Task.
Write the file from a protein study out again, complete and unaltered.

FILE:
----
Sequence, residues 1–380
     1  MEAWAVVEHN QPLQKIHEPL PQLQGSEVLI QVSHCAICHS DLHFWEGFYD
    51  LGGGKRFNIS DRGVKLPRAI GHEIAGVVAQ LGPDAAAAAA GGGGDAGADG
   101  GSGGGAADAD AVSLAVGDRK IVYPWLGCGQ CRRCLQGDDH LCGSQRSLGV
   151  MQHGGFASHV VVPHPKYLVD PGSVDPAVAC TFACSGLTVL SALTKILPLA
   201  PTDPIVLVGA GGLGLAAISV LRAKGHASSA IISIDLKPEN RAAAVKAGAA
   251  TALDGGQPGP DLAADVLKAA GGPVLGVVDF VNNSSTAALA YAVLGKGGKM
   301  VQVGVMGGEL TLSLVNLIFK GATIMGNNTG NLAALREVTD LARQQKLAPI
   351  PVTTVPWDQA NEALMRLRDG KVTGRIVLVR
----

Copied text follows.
Sequence, residues 1–380
     1  MEAWAVVEHN QPLQKIHEPL PQLQGSEVLI QVSHCAICHS DLHFWEGFYD
    51  LGGGKRFNIS DRGVKLPRAI GHEIAGVVAQ LGPDAAAAAA GGGGDAGADG
   101  GSGGGAADAD AVSLAVGDRK IVYPWLGCGQ CRRCLQGDDH LCGSQRSLGV
   151  MQHGGFASHV VVPHPKYLVD PGSVDPAVAC TFACSGLTVL SALTKILPLA
   201  PTDPIVLVGA GGLGLAAISV LRAKGHASSA IISIDLKPEN RAAAVKAGAA
   251  TALDGGQPGP DLAADVLKAA GGPVLGVVDF VNNSSTAALA YAVLGKGGKM
   301  VQVGVMGGEL TLSLVNLIFK GATIMGNNTG NLAALREVTD LARQQKLAPI
   351  PVTTVPWDQA NEALMRLRDG KVTGRIVLVR